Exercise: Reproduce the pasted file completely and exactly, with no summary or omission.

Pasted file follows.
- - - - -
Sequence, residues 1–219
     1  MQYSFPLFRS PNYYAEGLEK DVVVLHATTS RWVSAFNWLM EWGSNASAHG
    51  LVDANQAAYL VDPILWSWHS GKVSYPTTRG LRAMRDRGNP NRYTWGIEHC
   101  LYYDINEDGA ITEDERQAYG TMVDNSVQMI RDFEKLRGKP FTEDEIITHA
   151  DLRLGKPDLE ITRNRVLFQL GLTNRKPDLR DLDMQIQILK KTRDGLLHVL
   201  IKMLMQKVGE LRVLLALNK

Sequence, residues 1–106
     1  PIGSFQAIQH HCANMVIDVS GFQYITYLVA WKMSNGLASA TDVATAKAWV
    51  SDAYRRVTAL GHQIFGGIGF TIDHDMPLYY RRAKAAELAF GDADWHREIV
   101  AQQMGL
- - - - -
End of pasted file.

Sequence, residues 1–219
     1  MQYSFPLFRS PNYYAEGLEK DVVVLHATTS RWVSAFNWLM EWGSNASAHG
    51  LVDANQAAYL VDPILWSWHS GKVSYPTTRG LRAMRDRGNP NRYTWGIEHC
   101  LYYDINEDGA ITEDERQAYG TMVDNSVQMI RDFEKLRGKP FTEDEIITHA
   151  DLRLGKPDLE ITRNRVLFQL GLTNRKPDLR DLDMQIQILK KTRDGLLHVL
   201  IKMLMQKVGE LRVLLALNK

Sequence, residues 1–106
     1  PIGSFQAIQH HCANMVIDVS GFQYITYLVA WKMSNGLASA TDVATAKAWV
    51  SDAYRRVTAL GHQIFGGIGF TIDHDMPLYY RRAKAAELAF GDADWHREIV
   101  AQQMGL